Teachers are working within a system that is outdated.
This RSA animate of Sir Ken Robinson’s TED talk makes a compelling case for a complete paradigm shift in education. Robinson explains how compulsory public education was established during the industrial revolution and based on a factory model. This model no longer serves today’s students, but rather causes their capacity for divergent thinking to deteriorate. He states: “This isn’t because teachers want it this way… it’s just because it happens that way… because it’s in the gene pool of education.”
The people who are telling us that students are failing are the same people who are getting paid to test our students.
Gene Lyons recently noted in his column that public schools are doing better than Michelle Rhee and other “reformers” want us to think. Just a few weeks ago, Kevin Drum interpreted the results of the NAEP’s Trial Urban District Assessment, a measure of academic progress in big-city school districts. He notes: “These urban kids have improved their math and reading performance by anywhere from half a grade level to a full grade level in just eight years. There are plenty of nits to pick with data like this, and I’ve picked some of them in the past. Still, why is it that progress like this so rarely gets reported? It’s fairly impressive, no?” This is not to say that the achievement gap has been closed or that our scores aren’t lagging behind those of other countries, but doesn’t it seem strange that all we hear about is the dismal state of American education? And doesn’t it seem strange that it’s all based on standardized tests scores, and that these tests are manufactured by the same companies that manufacture the test preparation materials and programs?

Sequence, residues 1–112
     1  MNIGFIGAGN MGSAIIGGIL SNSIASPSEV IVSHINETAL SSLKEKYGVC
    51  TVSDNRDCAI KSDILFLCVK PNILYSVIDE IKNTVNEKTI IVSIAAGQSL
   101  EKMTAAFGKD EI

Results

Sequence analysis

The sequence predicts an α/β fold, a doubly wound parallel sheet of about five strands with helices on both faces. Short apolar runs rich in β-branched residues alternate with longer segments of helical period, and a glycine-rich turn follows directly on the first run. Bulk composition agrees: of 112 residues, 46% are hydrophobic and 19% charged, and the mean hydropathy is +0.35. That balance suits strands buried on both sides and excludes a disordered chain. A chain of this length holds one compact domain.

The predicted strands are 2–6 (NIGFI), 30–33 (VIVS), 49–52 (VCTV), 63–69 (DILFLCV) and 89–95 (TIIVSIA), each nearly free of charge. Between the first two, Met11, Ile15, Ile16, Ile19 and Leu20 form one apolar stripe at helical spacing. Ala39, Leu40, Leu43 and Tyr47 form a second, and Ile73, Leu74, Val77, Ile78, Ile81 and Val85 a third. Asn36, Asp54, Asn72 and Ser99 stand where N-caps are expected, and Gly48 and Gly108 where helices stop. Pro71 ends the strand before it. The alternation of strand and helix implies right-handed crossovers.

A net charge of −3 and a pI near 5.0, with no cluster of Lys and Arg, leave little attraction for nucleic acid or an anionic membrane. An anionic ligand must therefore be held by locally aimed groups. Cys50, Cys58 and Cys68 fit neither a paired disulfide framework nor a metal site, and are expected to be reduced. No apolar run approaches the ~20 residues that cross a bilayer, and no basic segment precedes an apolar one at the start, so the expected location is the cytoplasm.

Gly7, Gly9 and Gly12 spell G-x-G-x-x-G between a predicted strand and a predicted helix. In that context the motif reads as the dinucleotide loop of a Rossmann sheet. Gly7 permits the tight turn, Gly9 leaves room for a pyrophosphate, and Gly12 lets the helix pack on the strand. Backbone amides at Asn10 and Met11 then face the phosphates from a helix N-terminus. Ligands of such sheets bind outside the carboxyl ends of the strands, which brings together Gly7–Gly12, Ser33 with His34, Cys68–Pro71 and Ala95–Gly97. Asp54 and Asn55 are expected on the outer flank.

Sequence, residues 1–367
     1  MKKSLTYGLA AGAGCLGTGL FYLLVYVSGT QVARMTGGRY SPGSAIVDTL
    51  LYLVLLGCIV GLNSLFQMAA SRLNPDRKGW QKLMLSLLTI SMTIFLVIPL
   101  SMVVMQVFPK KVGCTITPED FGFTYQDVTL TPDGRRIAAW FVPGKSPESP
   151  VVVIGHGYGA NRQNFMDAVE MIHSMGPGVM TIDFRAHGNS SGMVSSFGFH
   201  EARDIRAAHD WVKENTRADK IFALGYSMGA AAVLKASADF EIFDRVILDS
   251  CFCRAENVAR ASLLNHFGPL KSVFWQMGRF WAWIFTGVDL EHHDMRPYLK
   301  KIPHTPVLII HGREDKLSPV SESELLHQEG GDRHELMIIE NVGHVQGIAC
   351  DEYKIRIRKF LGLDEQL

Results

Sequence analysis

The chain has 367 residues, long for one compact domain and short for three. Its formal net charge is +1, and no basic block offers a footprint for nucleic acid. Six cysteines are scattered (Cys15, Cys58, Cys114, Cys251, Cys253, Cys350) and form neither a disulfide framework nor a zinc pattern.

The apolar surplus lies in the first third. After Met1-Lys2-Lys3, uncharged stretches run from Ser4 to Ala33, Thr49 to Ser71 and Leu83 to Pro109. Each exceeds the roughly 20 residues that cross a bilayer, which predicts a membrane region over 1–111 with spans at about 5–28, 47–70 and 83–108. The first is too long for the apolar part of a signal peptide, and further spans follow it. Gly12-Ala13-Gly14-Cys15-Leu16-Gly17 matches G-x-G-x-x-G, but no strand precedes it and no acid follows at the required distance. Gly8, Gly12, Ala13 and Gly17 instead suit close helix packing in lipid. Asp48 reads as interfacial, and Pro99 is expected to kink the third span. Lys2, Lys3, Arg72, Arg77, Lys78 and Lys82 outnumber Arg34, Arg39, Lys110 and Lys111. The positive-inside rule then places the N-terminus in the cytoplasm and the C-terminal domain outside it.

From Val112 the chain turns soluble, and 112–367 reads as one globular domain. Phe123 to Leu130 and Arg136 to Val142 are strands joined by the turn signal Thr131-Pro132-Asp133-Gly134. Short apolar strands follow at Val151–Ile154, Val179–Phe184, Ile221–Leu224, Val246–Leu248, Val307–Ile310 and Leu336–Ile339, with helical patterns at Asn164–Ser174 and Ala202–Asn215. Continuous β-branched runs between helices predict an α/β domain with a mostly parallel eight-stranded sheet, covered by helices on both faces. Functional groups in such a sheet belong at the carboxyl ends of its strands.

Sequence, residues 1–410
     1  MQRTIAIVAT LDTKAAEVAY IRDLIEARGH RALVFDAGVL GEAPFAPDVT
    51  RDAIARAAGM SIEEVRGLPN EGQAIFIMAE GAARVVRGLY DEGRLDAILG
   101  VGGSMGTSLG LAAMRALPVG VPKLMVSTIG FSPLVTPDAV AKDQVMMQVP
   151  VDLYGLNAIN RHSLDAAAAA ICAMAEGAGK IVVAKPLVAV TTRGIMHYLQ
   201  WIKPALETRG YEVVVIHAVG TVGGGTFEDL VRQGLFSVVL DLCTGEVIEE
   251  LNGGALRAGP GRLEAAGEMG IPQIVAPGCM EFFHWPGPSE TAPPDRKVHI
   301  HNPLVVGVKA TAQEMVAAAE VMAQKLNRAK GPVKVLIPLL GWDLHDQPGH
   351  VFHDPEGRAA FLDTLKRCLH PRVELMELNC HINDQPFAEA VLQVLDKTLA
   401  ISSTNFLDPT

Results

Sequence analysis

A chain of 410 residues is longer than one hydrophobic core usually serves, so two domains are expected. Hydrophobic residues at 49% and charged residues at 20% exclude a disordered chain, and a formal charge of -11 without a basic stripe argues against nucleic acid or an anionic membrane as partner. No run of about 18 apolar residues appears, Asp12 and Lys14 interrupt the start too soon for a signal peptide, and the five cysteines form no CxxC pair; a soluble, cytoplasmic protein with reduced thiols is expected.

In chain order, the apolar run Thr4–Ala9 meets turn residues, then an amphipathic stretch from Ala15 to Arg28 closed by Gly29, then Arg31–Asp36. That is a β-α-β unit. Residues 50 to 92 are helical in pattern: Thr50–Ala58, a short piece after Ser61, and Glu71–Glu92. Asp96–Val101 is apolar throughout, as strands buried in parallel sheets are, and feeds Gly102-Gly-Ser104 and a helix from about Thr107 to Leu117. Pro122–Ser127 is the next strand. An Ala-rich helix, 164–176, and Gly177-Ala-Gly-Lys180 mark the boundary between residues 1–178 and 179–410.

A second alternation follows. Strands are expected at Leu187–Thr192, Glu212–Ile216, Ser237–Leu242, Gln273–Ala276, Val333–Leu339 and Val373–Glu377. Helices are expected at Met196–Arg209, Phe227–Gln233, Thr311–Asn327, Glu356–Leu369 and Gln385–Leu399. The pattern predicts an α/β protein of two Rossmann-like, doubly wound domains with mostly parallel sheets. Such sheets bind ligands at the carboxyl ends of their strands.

Teaching to the test is obligatory and not fun.
Most teachers I know want their students to be critical thinkers, productive members of society, and creative and happy individuals. Most teachers I know would like to teach holistically, to tap into their students’ passions, and inspire them to better our world. However, teachers are under such incredible pressure from their administrators (who are under pressure from district level administrators) to raise test scores, that their curriculum, management, and instruction begins to reflect those of standardized tests. When I first entered the field in 2000, project-based, experiential learning was in vogue. Now it is the norm for schools to hold mock tests, test-prep rallies, and completely restructure their curricula in service of the test. The myriad of tools to collect and analyze data can be helpful to target students’ individual needs and differentiate instruction, but it also begets more testing. We test to prepare for tests which are meant to be indicators of performance on other tests. And we teach our students that they come to school to learn how to take tests, and then to take them, and take them some more.
Teachers can not single-handedly combat all social ills.